[NFBMO] Blind Pension Legislation
GeneCoulter at Charter.net
GeneCoulter at Charter.net
Wed May 23 18:27:36 UTC 2018
Increases, if they happen, occur annually in July with letters being
sent out in mid-June. These letters should be kept , at least, until
the next letter adjusting your benefit amount is received so that you
have proof of income for loan applications or other purposes.
To Brian's prior query if you submit a driver's license as proof of
identity under the new law they will reject or close your case.
Evidently FSD can look up driver's license records to determine whether
you have a non-driver's license or driver's license or both if they
From: NFBMO <nfbmo-bounces at nfbnet.org> On Behalf Of Julie McGinnity via
Sent: Wednesday, May 23, 2018 12:54 AM
To: NFB of Missouri Mailing List <nfbmo at nfbnet.org>
Cc: Julie McGinnity <kaybaycar at gmail.com>
Subject: Re: [NFBMO] Blind Pension Legislation
How often do they change the amount of blind pension?
I agree with Randy that the problem is we have laws no one takes the
time to enforce. It's the same with the service animal laws we have put
in place. Businesses don't know their rights, so we have fake service
animals all over the place. But yeah, we were talking about blind
pension... Even before we practice our little elevator speeches, we
need to figure out what we would like to say.
I had to educate myself quickly about blind pension and fear I still
don't know everything. It seems to me that we should all be on the same
page regarding what we want to protect and what we can let go. I think
the driver's license rule is a little overkill, but their sighted spouse
requirements seem to, like Gary said, prevent integration or promulgate
the idea that our sighted spouses (but not our blind ones) can take care
of us. What's clear to me is that blind/disabled people don't write
these laws or design the systems that many of us live on. There's
something wrong with that. Ok, so we don't hold the purse strings as it
were, but we are citizens who should not be punished for being disabled.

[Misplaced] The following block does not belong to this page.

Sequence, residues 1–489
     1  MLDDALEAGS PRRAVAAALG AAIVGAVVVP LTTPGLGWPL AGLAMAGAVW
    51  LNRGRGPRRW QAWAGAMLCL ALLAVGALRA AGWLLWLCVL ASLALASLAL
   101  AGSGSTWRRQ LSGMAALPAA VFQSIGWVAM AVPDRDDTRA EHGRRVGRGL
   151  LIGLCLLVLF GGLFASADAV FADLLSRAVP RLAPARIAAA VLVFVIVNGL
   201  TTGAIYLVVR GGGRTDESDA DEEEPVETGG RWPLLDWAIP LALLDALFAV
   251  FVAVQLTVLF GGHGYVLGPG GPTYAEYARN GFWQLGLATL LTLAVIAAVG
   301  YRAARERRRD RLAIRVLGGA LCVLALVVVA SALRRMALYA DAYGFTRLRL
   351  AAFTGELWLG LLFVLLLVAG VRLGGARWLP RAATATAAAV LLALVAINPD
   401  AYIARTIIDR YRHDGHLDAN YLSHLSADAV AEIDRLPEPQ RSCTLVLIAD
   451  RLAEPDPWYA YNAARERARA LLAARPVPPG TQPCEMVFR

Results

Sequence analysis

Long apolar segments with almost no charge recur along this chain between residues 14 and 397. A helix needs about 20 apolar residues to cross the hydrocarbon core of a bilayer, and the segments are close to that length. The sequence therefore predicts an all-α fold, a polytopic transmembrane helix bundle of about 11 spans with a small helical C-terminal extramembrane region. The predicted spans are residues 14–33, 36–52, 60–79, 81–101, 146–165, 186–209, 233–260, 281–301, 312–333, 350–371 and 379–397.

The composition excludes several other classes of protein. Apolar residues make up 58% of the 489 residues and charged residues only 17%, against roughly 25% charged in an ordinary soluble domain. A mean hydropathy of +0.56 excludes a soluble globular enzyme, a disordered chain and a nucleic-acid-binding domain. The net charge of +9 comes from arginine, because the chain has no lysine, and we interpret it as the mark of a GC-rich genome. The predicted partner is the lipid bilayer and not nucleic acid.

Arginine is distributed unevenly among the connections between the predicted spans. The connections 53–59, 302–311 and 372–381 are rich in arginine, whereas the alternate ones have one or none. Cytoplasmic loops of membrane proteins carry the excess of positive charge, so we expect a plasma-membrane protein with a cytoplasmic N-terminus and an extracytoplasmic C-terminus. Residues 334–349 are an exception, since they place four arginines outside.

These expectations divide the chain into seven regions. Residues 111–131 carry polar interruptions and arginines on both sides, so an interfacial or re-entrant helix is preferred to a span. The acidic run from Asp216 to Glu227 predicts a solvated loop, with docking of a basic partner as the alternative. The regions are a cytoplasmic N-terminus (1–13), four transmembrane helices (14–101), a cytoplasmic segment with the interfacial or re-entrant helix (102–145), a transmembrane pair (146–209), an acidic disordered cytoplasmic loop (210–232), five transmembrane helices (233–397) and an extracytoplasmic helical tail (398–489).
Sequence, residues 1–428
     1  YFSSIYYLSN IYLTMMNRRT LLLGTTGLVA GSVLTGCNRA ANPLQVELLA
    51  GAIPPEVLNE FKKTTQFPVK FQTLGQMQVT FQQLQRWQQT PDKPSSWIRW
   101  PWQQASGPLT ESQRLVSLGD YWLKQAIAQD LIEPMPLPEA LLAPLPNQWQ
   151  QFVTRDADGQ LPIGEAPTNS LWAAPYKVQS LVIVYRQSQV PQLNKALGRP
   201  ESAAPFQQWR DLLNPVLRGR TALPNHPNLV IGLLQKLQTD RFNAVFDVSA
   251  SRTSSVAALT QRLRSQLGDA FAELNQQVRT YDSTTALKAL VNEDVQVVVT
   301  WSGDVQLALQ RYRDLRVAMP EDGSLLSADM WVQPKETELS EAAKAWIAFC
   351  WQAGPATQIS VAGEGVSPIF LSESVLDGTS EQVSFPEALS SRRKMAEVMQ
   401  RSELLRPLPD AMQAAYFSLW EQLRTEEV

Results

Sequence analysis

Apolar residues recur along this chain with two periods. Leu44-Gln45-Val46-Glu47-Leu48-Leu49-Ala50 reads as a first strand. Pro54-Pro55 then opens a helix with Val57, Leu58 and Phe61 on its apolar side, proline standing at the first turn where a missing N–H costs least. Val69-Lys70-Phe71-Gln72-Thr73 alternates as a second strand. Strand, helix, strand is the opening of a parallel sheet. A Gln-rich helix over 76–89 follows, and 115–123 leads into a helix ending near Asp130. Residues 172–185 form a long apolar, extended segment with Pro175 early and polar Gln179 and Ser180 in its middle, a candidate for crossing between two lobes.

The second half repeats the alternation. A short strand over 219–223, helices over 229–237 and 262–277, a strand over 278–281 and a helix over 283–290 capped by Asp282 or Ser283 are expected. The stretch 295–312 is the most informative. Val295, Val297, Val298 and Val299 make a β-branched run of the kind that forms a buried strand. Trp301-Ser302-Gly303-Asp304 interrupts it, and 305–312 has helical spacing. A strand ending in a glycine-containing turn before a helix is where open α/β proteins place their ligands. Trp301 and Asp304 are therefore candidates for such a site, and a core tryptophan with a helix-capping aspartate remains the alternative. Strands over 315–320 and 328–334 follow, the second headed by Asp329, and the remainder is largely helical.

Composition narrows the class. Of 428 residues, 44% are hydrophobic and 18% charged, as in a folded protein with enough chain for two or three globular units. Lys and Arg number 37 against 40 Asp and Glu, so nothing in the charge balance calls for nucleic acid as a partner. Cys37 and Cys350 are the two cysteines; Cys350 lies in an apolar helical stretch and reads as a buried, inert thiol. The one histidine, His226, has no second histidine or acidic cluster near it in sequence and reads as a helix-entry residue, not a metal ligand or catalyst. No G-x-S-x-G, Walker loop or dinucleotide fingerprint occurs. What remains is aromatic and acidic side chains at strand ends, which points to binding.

SSI discourages people from saving, unless you want to save for
something very specific. And now we're talking marriage and the
disadvantages to marrying as blind or blind and sighted couples... It
seems to me that we should be discussing these things more often and
coming up with those elevator speeches Gary mentioned. We can't change
these things unless we have a collective voice.
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On 5/22/18, Gary Wunder via NFBMO <nfbmo at nfbnet.org> wrote:
> I think there are significant philosophical implications we should
> think about with regard to the blind pension and especially the
> changes. If you are a blind person who cannot work, your situation is
> made even more desperate in your family by the fact that to that
> family unit you are a taker rather than a giver. I believe in
> marriage, and I think most Missourians do as well. But the fact of the
> matter is that it has been clearly demonstrated with seniors and
> others: if you put me at an economic hardship, I will stay married in
> the eyes of God, but I may seriously consider the legal arrangement
> that says I'm married. Ask recipients of SSI.
> Ask recipients of pensions that say they are entitled until they
> Under the blind pension law, as it exists now and as it exists when
> the governor signs it, sighted people are placed at a economic
> disadvantage when marrying blind people. Blind people are placed at
> risk by marrying sighted people. This is not the kind of integration I
> want. I'm glad that the earnings of blind people remain exempt, but I
> can't say there is any fairness in this, and as for the dignity of
> blind people, I think it is considered not at all in the law and in
> this legislation.
> I think that we better be preparing arguments about keeping the
> medical benefits that blind people receive. That issue appears to have
> gone away, but it was not terribly unpopular when it was proposed. We
> need to work on language that is persuasive and concise. Very often
> when people speak of spin, they do so in a negative context, but spin
> can be very effective and it has a purpose. When you deal with busy
> people, you better be able to state your issue clearly and concisely.
> They don't have all day to listen to your concerns. The spin must be
> honest, but we should figure out how to positively get that message
> out in a form that is easily repeatable, easily understood, and
> completely verifiable. Our credibility is everything. If we can't
> figure out ways to communicate our message in an elevator speech, we
> are headed for the basement.
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Julie A. McGinnity
President, National Federation of the Blind Performing Arts Division,
Second Vice President, National Federation of the Blind of Missouri "For
we walk by faith, not by sight"
2 Cor. 7
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